Skip to Content
Rech Law, P.C. Rech Law, P.C.
Charlotte 704-659-0007 Monroe 704-228-4488 Cornelius 704-228-2790

What is Contempt of Court in Family Law Cases?

If you're engaging in an order enforcement dispute or some similar type of family law case, you may have heard the term "contempt of court" - but what does it mean? That's the question we answer with today's blog.

To schedule a consultation with a family lawyer who will advocate for you through thick and thin, contact our team online or via phone at (704) 659-0007.

What Does It Mean to Be Held "in Contempt of Court?"

There are two types of contempt of court: Criminal contempt, and civil contempt.

If an individual is found to show a lack of respect for court authority or acts in a way intended to disrupt court proceedings, they may be found in criminal contempt of court.

In contrast, an individual can be found in civil contempt of court if they refuse to comply with a legally binding court order. Generally, family law cases involve civil contempt of court.

Common instances in which an individual may be held in civil contempt of court in North Carolina include:

  • An individual fails to make child support payments they are obligated to supply;
  • A parent refuses to abide by the terms of a custody order, such as refusing to exchange custody at an agreed-on time and place or violating other terms of the custody arrangement;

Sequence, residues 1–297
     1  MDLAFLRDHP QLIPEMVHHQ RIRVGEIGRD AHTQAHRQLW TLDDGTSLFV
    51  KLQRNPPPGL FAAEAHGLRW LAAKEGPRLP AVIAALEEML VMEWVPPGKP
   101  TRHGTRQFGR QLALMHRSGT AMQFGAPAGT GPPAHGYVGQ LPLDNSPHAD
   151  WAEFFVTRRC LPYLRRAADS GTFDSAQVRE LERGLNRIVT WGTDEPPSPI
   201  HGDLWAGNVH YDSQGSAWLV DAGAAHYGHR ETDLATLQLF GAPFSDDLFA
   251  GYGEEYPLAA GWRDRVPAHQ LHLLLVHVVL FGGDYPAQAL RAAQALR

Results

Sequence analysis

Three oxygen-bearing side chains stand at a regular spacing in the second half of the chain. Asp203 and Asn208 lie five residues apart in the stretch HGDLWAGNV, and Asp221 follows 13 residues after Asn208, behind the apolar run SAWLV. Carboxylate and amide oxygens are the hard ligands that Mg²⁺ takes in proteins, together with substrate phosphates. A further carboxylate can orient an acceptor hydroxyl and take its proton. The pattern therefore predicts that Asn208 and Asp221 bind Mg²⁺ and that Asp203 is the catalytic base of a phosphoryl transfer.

• A former spouse or partner violates a restraining order held against them;
  • A former spouse fails to supply spousal support they are responsible for; or
  • An individual violates the terms of a civil court order in some other manner.

Individuals are often found in contempt of court as part of an order enforcement case. These cases typically begin when one party files a motion for contempt with the court against a party who is failing to comply with a civil court order.

What Are the Penalties for Contempt of Court in NC?

It depends on the charges the individual found in contempt of court faces. Individuals found in civil contempt of court can be fined or imprisoned for up to 90 days; however, courts usually prefer alternate sentencing options, such as garnishing income or property to repay missed support, or rendering their professional, recreational, or occupational licenses invalid until they can rectify the issue.

At Rech Law, P.C., our team can help you pursue the best outcome in your case. Contact us online or via phone at (704) 659-0007 to schedule a consultation.